The Battle Has Begun on the Smart Grid Front

New Age of Cyber Threats

With a recent hack of the network owned and operated by Telvent, a smart grid giant that uses the system affected to control power grids, pipelines, and industrial controls around the world, it would seem that a new front has been opened up in the cyber war being waged by cyber criminals. A scenario once deemed hypothetical has become a reality. Such attacks upon smart grid networks can lead to power failure for millions of customers around the world. It can also lead to industrial sabotage, as the right set of commands can throw systems and networks into chaos, disrupting power, causing the stoppage of the flow of crucial resources, and putting industrial complexes around the world at risk.

What Can Be Done

According to a recent article by, one way of combating such intrusions is to limit access to critical systems and networks. This can involve allowing only employees to get on and use the network, or even through the use of an outside company to control access, almost like a security company but for networks. In the end though, as long as networks are connected to a smart grid, and thus the Web, hackers can gain access to vital systems and potentially cause irreparable harm.

Another way to protect critical systems is to develop the smart grid using standards-based technology. That way security for systems and networks can be developed using tried and true methods, such as IPv6, established for Wall Street and the Department of Defense.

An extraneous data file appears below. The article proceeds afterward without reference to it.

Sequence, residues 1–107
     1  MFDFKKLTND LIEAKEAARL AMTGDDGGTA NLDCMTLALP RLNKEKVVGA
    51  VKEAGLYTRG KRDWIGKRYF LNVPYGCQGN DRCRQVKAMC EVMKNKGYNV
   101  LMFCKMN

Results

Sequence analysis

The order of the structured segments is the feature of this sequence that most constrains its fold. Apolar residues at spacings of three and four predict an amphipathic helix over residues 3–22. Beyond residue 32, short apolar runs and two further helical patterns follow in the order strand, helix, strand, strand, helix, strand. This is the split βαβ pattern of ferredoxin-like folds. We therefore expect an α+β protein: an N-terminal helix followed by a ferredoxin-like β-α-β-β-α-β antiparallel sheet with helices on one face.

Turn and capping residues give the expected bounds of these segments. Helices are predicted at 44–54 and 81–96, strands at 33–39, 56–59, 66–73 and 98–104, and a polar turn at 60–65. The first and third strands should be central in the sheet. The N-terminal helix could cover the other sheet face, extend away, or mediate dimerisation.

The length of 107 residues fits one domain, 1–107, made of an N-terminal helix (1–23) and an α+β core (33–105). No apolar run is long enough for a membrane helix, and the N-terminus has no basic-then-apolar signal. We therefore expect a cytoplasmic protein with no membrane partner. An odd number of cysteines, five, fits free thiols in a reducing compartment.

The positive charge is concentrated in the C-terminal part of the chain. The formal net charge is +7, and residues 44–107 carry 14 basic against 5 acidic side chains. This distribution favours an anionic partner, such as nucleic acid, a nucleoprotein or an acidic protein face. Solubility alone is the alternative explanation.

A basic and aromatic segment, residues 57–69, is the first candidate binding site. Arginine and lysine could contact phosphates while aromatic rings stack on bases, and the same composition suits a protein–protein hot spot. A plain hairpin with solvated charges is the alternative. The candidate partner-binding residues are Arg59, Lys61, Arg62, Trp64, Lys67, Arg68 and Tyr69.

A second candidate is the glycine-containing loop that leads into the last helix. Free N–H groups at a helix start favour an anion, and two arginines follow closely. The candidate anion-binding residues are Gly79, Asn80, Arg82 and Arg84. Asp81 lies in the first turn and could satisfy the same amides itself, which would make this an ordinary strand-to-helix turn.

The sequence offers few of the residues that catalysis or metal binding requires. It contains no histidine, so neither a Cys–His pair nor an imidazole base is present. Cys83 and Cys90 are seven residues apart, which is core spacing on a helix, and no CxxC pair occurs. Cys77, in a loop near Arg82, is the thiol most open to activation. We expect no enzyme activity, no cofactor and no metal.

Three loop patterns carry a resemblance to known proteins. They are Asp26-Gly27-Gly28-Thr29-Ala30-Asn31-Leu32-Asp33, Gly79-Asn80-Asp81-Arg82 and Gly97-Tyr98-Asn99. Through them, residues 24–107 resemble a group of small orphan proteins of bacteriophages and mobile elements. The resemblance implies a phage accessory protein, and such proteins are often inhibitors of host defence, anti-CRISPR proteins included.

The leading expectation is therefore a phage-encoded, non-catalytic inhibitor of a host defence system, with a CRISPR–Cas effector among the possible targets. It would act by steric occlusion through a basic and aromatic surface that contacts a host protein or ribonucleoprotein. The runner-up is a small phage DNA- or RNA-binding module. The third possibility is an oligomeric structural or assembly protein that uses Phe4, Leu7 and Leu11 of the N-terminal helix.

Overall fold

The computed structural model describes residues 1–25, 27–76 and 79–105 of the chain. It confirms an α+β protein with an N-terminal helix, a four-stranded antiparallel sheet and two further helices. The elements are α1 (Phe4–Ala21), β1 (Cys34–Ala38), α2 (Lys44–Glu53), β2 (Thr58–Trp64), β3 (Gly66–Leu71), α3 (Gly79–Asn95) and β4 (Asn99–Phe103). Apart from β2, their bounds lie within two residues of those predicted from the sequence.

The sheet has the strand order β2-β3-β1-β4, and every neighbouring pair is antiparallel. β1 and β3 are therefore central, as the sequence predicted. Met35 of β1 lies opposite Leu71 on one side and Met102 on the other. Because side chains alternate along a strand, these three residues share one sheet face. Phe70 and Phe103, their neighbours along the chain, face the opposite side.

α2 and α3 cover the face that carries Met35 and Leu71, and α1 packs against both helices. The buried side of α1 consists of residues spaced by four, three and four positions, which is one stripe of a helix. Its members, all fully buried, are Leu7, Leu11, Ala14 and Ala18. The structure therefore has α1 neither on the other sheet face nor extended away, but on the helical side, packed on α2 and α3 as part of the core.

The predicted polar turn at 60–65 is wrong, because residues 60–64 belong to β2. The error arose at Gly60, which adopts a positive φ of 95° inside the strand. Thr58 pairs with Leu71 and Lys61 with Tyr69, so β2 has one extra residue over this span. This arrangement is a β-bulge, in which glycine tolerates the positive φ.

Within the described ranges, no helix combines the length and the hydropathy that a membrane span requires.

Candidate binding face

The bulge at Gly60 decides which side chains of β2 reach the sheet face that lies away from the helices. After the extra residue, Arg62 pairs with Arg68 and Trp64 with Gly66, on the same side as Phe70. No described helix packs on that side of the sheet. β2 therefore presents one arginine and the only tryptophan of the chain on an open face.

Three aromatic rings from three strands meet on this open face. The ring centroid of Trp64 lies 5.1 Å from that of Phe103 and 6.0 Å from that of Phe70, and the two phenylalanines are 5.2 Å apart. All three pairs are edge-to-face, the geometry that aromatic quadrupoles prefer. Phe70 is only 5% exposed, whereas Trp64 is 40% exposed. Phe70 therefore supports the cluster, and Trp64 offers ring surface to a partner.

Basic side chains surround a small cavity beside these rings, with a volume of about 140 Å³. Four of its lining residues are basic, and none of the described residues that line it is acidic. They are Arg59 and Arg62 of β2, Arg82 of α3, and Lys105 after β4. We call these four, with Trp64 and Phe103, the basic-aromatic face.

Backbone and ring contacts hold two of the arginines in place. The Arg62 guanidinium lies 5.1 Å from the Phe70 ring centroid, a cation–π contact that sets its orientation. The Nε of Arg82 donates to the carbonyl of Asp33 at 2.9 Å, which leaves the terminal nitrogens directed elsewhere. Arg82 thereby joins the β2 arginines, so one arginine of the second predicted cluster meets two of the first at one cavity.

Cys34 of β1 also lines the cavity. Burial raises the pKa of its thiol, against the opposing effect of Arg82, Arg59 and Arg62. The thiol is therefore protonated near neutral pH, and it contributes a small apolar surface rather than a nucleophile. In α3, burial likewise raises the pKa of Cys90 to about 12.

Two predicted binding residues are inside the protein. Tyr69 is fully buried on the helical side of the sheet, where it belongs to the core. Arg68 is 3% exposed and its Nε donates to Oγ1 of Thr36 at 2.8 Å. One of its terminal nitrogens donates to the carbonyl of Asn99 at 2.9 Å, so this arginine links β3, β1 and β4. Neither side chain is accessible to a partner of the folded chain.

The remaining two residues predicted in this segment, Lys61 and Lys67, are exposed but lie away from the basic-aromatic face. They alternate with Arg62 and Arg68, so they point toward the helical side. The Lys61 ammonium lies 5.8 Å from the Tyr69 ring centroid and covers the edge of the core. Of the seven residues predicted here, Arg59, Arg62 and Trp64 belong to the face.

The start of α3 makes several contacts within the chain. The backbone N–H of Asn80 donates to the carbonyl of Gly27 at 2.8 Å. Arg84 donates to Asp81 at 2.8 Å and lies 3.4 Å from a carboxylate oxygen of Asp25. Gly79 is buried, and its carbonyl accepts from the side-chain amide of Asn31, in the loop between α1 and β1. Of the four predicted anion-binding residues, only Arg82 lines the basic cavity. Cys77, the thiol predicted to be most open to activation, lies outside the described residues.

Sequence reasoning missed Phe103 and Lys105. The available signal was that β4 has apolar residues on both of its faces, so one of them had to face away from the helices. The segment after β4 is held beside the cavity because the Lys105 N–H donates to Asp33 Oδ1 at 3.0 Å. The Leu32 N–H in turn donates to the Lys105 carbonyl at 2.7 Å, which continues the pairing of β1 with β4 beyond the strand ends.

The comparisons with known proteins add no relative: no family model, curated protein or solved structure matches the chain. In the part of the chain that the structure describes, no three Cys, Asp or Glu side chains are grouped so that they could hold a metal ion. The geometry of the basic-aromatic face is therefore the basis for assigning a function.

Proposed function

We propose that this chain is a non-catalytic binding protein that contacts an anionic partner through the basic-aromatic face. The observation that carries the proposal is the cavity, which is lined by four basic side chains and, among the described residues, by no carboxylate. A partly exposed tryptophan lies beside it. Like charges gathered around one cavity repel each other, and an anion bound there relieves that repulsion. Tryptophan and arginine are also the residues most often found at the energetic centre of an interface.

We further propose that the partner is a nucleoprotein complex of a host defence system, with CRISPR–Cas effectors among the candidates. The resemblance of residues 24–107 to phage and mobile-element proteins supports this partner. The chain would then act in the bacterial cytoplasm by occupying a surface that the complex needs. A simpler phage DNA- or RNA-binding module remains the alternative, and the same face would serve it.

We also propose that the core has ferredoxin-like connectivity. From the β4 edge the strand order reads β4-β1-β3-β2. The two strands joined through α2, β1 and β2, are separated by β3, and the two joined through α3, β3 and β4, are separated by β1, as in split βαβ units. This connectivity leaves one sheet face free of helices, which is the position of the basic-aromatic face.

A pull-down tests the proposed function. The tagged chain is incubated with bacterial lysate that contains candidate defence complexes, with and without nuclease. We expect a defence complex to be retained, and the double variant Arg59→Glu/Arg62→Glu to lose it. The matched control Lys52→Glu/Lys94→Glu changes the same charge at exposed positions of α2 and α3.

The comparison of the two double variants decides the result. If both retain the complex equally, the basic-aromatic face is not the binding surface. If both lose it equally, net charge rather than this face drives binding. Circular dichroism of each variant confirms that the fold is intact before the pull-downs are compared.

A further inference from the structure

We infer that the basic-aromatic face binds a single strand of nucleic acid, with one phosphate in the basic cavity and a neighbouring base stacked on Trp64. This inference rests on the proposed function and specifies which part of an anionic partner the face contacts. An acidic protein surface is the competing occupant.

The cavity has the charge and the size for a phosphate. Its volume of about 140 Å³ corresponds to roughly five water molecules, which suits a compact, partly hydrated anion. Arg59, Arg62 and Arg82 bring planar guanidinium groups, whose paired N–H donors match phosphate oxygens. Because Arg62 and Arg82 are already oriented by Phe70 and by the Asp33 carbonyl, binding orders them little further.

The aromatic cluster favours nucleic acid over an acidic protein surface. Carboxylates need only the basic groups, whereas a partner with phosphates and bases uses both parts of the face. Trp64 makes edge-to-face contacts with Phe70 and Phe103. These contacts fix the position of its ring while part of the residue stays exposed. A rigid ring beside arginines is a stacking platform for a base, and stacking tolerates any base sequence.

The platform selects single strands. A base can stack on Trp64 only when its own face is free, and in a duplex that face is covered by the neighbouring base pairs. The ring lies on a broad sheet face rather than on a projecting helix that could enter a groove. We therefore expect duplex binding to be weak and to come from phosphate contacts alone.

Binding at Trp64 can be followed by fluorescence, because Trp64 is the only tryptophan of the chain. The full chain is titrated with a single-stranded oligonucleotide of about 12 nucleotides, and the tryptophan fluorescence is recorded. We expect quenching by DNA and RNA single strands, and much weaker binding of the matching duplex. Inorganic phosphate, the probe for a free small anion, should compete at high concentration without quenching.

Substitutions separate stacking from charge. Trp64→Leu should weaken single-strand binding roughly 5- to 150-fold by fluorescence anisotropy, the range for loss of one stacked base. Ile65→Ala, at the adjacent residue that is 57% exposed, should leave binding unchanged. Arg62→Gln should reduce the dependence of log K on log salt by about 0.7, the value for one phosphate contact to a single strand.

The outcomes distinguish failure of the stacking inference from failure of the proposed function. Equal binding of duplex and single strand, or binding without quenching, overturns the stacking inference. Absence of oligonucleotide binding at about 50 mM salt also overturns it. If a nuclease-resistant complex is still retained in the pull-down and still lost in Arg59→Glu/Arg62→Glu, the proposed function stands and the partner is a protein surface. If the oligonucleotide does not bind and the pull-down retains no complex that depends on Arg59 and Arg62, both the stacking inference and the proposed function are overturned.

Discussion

Is Enough Being Done to Stop It?

With spending on smart grid cybersecurity looking to increase over the next few years, network and system protection is expected to be an area of prime importance, though recent setbacks in lawmaking circles that pertain to cybersecurity would say otherwise.

However, it does seem that the government and regulators might finally be seeing the worth of cybersecurity legislation, especially in light of a National Security Agency Report. The report cites a 17-fold increase in cyber attacks from 2009 to 2011. Hopefully, legislators can see the benefits of increased cyber protections. The consensus for improvement will only mount as more and more companies see the benefit of improved national cybersecurity, which in turn will influence those that they support in Washington.

Regardless, it is only a matter of time before the American people are affected in some negative, far-reaching way, and by then it could be too late.

For more information about the Telvent attack and recent cybersecurity efforts, visit: